Lavasa is a lot of things to a lot of different people. Taken over there by a work related, I also could not remain without taking a stand. I think it is a place to check out if one can afford a nice little mix of nature in its slightly manicured fashion, complete with comfortable lodging and boarding, unlike living out in the wild on the real treks.
What caught my eye in the non-work hours was surely pleasing – right from the pre-sunset and sunset views. I often add filters to the images, but this one is straight out of my two or three year old, 8 mp Google nexus 4, unadulterated, and is my favorite:
The ranges of hills welcome the Sun into their numerous shades of blue. That sober yet brilliant interplay of colors captivates me, always. Within minutes, it gets dark. I recall the speed of earth’s rotation and get filled with awe as I feel completely one with the universe, quite forgetting for a split second who I am and where I stand.
The valley below begins to light up.
So does the Ekant above.
There is a completely man-made nature trail starting right behind Ekant. Must-do. The first sunset picture above is actually from one of the Machan-like structures created a few tens of steps up on that trail. Must-do if you are in Lavasa.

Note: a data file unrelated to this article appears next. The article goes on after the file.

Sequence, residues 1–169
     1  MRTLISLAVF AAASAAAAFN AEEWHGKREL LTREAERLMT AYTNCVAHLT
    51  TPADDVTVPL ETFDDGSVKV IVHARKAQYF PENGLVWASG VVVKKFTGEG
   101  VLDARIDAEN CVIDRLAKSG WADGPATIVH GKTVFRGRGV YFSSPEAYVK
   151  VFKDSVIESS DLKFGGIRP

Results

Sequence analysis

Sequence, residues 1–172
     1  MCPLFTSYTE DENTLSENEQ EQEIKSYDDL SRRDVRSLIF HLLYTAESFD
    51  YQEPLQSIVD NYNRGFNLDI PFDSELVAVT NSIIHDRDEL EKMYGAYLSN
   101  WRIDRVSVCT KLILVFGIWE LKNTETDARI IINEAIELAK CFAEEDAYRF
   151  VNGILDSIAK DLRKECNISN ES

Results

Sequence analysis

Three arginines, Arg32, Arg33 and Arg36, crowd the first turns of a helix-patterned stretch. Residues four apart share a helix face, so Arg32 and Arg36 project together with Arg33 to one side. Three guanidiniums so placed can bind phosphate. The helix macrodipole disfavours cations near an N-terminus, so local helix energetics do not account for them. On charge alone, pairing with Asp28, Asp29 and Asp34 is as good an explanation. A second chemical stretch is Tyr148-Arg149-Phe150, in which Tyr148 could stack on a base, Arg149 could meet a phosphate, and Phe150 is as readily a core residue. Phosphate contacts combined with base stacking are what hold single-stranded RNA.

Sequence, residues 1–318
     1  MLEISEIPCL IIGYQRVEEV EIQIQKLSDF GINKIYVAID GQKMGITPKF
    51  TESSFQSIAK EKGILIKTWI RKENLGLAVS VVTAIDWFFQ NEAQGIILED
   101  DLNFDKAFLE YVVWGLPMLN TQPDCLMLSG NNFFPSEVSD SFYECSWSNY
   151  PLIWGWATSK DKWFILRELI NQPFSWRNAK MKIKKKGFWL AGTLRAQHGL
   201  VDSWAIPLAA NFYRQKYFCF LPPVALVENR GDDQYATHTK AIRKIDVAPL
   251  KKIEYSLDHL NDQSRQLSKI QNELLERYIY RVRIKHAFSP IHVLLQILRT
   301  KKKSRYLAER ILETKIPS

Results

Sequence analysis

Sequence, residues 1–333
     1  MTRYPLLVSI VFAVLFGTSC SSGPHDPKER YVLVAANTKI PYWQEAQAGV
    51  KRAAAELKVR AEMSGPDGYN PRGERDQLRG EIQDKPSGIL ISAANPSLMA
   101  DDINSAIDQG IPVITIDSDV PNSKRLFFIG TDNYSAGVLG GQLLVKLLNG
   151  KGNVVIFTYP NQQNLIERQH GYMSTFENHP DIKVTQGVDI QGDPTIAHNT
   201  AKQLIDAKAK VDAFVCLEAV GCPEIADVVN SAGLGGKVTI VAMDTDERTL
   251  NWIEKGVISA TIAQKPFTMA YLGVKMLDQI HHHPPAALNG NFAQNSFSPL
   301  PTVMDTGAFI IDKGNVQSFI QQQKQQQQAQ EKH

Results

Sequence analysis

Among the finds on the next day are the trees of Beetel-nut or Sopari. I had never seen the tree or the fruit hanging from it before:
The solar trails routinely mesmerised others as well.
The next day begins with chasing the Sun – again.
The shafts of the rays quickly fill the valley out.
The stroll at the bridge is short and refreshing.
My greed for the brilliant colors of sky finds “Ek mutthhi aasman” everywhere:
And the roving eyes catch a brilliant dot of orange and pink, too – amid the hues of blue and orange. It’s a temple top:
Not sure if a bit of wandering on the first visit of Lavasa leaves out much for the next, but this one surely was treat to the eye.